The Miami Dolphins Explained by Sun Tzu

Perhaps the 2015 Miami Dolphins are best explained by Sun Tzu:

“If you know the enemy and know yourself, you need not fear the result of a hundred battles. If you know yourself but not the enemy, for every victory gained you will also suffer a defeat. If you know neither the enemy nor yourself, you will succumb in every battle.”

Viewing the Miami Dolphins in the context of this famous quote leads to some interesting conclusions. I would venture to guess Joe Philbin was unaware of the dissent worming through a locker room he declared, “Ready to compete for championships.”

Sorry Joe, that locker room was as divisive as you secretly pushing to draft Derek Carr, only you didn’t know it. The mannerisms of a coach secretly uncomfortable with his starting quarterback radiate loudly in the testosterone fueled confines of an NFL locker room.  Bill Lazor didn’t come to the conclusion Ryan Tannehill shouldn’t run audibles on his own, Joe had a say. Joe was a control freak, some call it “attention to detail,” but for Joe, it was closer to OCD (Obsessive-Compulsive Disorder).

When Philbin was still with the team last season, he obviously didn’t know his enemy or his own team as the results revealed. Dan Campbell knew his team, and by having half the formula, he was capable of winning half his games. Ultimately, Campbell was overmatched when it came to knowing his enemy and Miami suffered defeat because of it.

Perhaps Sun Tzu gets too much credit for stating the obvious and issues run far deeper inside Dolphin Land. If the answer is this easy, the future may not be as bleak as the pundits would have it. 4-12, is the latest retreat from the last season’s playoff predictions and probably just as off-base.

The reasoning is simple, it’s not about talent…

It has never been about talent. The Miami Dolphins have as much talent as any team in the NFL. The issue has been leading that talent. Joe Philbin didn’t do the one thing he was brought in to accomplish, develop players. He was supposed to be a teacher, but he turned out to be an obsessive minutia manager. His locker room presence was scolding twenty something hormone raging young men for leaving Gator Gum wrappers on the floor.

He drafted a “cerebral” offensive tackle in the second round because the player fit his perception of proper behavior in the NFL. I guess Joe figured mild mannered Jonathan Martin would mend the ways of Richie Incognito and change the nature of a Center who huddled next to Aaron Hernandez in college.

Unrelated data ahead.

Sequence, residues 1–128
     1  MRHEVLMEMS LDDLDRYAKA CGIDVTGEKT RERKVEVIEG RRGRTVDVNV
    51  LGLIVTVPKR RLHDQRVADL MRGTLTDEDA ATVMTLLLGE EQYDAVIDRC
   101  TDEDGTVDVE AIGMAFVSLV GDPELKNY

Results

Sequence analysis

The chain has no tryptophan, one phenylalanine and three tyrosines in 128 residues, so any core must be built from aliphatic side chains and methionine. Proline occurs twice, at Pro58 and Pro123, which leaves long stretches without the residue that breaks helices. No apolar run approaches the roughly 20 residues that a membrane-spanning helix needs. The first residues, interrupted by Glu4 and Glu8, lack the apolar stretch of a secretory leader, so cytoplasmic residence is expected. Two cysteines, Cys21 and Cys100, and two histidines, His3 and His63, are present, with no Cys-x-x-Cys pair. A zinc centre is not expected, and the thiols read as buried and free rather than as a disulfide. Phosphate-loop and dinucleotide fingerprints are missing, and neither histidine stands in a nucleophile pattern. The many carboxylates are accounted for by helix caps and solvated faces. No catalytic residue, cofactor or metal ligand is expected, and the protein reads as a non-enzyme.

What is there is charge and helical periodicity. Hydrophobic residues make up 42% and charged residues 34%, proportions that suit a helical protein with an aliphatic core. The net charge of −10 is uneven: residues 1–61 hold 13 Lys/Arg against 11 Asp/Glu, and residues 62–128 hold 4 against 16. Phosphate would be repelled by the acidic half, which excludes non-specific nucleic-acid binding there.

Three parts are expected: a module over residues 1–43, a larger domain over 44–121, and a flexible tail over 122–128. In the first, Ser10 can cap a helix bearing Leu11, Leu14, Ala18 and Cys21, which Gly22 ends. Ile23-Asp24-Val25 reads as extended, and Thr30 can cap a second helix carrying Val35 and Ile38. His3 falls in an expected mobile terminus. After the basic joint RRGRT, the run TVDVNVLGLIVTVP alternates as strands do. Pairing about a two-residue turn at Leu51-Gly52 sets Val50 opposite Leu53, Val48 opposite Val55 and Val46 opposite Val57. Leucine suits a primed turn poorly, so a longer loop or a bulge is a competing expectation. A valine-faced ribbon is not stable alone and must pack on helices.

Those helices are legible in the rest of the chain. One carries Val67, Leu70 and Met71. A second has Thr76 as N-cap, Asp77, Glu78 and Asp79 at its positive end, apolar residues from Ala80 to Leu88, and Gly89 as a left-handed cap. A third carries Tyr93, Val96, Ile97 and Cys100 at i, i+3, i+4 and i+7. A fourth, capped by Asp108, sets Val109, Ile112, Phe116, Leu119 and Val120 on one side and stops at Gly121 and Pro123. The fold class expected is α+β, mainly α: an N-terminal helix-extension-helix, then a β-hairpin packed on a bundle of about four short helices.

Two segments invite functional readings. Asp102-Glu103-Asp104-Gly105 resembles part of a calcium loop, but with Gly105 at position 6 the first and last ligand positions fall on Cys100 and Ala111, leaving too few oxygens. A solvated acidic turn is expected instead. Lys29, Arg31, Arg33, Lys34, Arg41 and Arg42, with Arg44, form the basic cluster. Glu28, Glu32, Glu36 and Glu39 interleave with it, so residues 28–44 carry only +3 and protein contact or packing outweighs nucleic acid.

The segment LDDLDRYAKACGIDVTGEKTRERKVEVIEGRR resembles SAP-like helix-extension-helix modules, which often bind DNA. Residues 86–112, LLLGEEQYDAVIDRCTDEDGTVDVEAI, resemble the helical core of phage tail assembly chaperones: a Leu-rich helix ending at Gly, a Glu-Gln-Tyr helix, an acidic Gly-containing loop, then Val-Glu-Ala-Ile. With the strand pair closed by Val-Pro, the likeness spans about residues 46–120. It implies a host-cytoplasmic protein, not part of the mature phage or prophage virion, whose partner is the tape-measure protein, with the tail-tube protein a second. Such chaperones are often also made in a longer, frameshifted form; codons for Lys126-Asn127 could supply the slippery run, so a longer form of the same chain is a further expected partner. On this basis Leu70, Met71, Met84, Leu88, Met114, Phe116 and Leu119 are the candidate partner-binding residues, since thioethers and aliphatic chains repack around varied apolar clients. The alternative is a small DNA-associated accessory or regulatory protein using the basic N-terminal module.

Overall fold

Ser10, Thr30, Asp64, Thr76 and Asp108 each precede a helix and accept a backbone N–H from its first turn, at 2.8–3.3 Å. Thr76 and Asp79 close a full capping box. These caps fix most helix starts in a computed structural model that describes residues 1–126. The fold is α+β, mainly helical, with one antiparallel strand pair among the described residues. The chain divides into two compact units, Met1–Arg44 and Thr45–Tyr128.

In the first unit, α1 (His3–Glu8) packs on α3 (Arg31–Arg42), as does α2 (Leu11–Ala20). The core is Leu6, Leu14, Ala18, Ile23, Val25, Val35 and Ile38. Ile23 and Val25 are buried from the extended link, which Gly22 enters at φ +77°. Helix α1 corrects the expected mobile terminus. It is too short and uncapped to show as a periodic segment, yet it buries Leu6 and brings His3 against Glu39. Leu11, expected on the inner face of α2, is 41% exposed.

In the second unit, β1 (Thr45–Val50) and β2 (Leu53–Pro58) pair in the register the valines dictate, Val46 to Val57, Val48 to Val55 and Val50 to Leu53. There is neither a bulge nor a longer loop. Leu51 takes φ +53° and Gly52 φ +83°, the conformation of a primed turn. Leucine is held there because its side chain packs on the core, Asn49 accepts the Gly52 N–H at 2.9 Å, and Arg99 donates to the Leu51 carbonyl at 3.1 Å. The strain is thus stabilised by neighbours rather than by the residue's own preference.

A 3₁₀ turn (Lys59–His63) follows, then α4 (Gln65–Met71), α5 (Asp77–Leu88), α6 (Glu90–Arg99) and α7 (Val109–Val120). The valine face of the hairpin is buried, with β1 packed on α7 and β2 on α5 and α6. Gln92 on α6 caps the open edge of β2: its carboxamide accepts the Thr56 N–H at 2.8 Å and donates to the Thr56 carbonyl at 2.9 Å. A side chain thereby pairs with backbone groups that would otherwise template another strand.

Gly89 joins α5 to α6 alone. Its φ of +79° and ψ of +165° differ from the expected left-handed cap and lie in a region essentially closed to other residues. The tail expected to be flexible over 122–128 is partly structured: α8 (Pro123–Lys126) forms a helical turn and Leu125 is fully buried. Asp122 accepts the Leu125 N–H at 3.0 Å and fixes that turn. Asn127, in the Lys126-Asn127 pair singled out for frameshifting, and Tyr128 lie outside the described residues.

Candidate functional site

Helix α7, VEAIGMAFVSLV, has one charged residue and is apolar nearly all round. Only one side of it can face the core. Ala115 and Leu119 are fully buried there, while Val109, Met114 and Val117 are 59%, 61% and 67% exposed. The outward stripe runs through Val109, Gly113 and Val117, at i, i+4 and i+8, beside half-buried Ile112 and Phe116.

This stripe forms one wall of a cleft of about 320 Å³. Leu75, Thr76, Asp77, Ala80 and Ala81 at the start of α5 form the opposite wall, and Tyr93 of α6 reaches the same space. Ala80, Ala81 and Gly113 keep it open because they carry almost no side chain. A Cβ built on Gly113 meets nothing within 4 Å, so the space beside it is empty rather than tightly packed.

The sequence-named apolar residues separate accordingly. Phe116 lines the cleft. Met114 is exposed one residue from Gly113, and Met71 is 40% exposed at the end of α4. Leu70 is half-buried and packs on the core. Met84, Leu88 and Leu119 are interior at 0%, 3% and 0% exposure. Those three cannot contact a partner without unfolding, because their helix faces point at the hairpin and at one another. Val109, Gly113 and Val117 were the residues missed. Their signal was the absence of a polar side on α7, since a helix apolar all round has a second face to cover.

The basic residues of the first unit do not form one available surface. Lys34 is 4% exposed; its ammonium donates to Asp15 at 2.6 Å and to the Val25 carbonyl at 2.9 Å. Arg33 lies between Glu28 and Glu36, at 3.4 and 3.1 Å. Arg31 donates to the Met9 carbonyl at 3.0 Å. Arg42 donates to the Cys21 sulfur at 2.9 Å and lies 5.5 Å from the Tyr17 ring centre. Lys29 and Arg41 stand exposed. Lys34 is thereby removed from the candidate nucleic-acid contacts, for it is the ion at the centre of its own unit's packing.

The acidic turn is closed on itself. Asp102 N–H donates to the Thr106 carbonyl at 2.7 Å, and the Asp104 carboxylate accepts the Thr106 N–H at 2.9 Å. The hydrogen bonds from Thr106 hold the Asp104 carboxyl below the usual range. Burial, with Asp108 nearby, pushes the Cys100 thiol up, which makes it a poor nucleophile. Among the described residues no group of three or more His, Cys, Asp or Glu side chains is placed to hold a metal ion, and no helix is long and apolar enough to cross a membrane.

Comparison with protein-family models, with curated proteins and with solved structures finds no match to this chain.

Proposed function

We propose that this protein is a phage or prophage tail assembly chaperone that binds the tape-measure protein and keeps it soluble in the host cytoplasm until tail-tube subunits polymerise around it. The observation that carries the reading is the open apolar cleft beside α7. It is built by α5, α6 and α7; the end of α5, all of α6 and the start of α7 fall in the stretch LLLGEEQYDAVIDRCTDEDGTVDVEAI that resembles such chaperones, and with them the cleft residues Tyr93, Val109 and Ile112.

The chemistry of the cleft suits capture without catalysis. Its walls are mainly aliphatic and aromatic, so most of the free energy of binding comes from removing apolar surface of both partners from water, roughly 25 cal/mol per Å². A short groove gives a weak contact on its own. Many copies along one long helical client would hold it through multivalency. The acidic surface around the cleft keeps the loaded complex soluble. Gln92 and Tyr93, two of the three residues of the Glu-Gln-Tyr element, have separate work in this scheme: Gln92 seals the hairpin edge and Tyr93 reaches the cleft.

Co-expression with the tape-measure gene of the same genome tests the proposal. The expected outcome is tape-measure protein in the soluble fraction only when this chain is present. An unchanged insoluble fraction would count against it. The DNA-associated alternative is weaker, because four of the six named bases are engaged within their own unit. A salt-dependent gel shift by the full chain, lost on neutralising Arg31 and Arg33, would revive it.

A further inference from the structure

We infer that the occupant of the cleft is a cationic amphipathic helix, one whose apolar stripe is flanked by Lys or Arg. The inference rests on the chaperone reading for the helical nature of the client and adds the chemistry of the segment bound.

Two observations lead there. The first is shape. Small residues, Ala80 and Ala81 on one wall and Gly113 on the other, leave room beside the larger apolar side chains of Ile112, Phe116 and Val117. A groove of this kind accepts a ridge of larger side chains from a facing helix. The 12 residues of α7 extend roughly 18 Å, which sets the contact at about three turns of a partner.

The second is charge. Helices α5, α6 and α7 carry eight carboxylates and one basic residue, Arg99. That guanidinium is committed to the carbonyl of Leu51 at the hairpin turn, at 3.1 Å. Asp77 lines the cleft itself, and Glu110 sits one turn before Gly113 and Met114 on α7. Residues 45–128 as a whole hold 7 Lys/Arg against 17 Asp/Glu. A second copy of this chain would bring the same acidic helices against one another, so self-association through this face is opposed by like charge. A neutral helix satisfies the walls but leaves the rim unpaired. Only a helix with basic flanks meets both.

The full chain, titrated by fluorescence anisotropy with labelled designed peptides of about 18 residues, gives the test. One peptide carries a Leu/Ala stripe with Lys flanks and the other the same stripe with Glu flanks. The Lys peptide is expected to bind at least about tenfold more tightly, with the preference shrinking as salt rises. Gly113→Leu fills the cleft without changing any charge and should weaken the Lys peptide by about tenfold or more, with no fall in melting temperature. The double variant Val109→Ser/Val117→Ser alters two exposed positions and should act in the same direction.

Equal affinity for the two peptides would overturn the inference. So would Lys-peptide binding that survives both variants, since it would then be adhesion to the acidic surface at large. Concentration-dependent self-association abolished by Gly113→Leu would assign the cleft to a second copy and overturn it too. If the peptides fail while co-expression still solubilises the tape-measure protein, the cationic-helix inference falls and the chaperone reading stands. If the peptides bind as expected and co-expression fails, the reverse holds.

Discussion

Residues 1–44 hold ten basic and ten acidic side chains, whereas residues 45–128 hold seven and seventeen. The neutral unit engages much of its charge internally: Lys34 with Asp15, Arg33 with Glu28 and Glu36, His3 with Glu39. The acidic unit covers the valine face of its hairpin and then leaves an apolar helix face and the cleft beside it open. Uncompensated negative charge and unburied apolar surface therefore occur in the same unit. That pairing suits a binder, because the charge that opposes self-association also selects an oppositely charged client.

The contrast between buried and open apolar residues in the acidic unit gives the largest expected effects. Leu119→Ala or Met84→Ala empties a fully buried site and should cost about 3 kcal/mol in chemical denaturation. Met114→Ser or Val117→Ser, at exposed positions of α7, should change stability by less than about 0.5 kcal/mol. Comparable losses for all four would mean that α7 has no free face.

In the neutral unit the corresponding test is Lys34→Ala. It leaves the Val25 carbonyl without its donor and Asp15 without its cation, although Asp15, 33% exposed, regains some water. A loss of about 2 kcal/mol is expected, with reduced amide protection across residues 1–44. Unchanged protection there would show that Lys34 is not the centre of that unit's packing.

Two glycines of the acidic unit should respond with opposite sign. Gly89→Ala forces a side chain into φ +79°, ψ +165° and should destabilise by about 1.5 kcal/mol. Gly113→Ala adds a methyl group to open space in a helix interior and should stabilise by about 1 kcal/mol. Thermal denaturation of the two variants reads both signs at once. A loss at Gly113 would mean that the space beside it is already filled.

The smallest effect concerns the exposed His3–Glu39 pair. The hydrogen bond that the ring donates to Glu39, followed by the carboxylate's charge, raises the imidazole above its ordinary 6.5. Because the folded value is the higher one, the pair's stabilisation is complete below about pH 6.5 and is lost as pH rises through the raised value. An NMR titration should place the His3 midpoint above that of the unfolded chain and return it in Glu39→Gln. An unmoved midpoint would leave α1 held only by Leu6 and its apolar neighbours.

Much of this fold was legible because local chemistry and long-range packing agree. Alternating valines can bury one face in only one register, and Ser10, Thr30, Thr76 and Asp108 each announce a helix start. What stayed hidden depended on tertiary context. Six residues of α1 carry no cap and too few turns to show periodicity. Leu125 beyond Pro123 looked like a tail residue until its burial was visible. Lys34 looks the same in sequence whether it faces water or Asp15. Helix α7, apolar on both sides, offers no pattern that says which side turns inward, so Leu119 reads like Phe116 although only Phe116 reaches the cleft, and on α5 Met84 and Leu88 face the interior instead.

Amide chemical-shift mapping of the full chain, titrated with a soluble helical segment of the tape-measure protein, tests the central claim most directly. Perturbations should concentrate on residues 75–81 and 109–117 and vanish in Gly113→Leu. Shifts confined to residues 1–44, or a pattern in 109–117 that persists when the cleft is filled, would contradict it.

Know thyself… It seems obvious, Joe didn’t know squat. He turned his back on reality and hoped things would somehow work out, he never fixed them. Philbin hired Jim Turner as OL coach and was unaware of the running 'joke' that Jonathan Martin was gay, and on at least one occasion, coach Turner participated in taunting Martin.

"Around Christmas 2012, Coach Turner gave the offensive linemen gift bags that included a variety of stocking stuffers. The gifts included inflatable female dolls for all of the offensive linemen except Martin, who received a male 'blow-up' doll," the Wells report said.

The key phrase here is, “Turner gave all of the offensive linemen except Martin.” In the locker room, all the players were on one side of the fence and one player was on the opposite. Joe allowed the discord to fester and then punished the majority, including throwing his own coach under the proverbial bus. Philbin should have traded or cut Martin immediately. This is what a leader would have done and this is when Philbin lost the Miami Dolphins.

From that point Joe’s clock was simply ticking to its inevitable end.

Phinbin turned this once proud franchise into a national media punchline, but those “news creators” just looked to pile-on an easy headline. True Miami followers know, there is an abundance of talent on this football team. The lack of national respect could have the 'Dan Campbell' effect, and bring out the best in Miami's talent but it will not be enough.

On the podium stands Adam Gase, a young up-and-comer with what many claim “an exceptional” mind. He’s young enough to perhaps have the “know thyself” arena covered, but suppose Gase is smart enough to have the “know thy enemy” covered as well? Suppose Gase can stare down Belichick and not blink?

Tony Sparano used the wildcat to one-up Belichick. The season may have been without Brady, but the formation did indeed fool Genius Bill for a fleeting moment.

It points back to our friend Sun Tzu, not in the sense that Sparano knew his enemy, but because the formation attacked his enemy’s weaknesses. Sparano didn’t really understand why the wildcat worked, if he did, he would still be a NFL head coach. This is the message for Adam Gase, your enemies all have weaknesses.

To exploit those weaknesses, you must understand them.

Know thy enemy and know thyself and you need not fear the result of a hundred battles…